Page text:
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Public can review BLM draft plan

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The public can now review and comment on a draft plan by the U.S. Bureau of Land Management more than six years in the making that has long been of concern to local officials.

The Carlsbad Resource Management Plan developed primarily by the Carlsbad regional office of the BLM concerns more than 2 million surface acres of public land in Eddy, Lea and the bootheel portion of Chaves counties and is meant to determine how the federal agency will manage access, vegetation and wildlife, minerals, grazing and other resources. This plan will replace one completed in 1988.

The public can review the draft plan at BLM offices in Santa Fe, Hobbs, Carlsbad or Roswell or on the BLM website, blm.gov. People have until Nov. 5 to submit comments online, by email or mail. The physical address is 620 E. Greene St., Carlsbad, 88220. The email is found on the website.

Chaves County is one of many Western states participating in a lawsuit against the BLM regarding its planning processes. Among the allegations is that the agency has not met federal requirements for “coordination” with counties in the development of the plan, instead treating counties the same as other interested parties.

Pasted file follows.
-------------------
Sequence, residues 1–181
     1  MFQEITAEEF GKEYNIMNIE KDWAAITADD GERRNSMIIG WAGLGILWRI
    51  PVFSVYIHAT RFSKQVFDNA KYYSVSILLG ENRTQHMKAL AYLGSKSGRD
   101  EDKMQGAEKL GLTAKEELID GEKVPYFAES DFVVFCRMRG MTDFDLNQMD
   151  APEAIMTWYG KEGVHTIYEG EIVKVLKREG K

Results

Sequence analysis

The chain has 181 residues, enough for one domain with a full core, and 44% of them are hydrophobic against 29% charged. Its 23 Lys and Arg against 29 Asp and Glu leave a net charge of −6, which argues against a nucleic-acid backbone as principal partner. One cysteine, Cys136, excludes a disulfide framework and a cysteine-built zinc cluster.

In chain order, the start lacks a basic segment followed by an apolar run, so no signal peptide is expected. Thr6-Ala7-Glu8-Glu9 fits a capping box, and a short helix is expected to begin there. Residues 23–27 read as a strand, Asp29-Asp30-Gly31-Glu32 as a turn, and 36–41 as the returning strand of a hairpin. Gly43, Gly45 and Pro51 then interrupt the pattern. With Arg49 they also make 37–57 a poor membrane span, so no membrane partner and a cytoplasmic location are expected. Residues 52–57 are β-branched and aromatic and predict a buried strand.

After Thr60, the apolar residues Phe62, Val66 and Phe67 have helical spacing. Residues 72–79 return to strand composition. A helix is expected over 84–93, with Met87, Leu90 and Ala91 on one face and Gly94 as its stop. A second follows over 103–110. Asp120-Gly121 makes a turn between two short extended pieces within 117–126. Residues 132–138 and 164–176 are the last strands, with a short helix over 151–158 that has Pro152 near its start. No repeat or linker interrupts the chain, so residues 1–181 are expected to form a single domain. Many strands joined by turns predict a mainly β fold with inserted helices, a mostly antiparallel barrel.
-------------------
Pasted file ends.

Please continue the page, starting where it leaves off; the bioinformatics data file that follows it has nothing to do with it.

The Chaves County Board of Commissioners has held several meetings with BLM officials regarding the Carlsbad plan during the past couple of years, at times publicly voicing frustration with not being more involved and not receiving more information about what is being intended or why certain decisions are being made.

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County Manager Stanton Riggs said that county leaders intend to hold additional meetings about the plan and to be involved in future coordination meetings with BLM managers.

“The plan that came out today (Friday) is a little different than what we have been reviewing,” Riggs noted.

A particular area of concern is with parcels being labeled as Lands with Wilderness Characteristics or Areas of Critical Environmental Concern, designations intended to preserve vegetation and wildlife but which could be used to restrict vehicle access, grazing, business, and oil and gas activities on those parcels.

“We have not seen any evidence as to why this ACEC, in Chaves County, is needed,” said Riggs. “The same is true for the LWC. The land is either ‘wilderness’ or it is not. The federal law does not mention LWC.”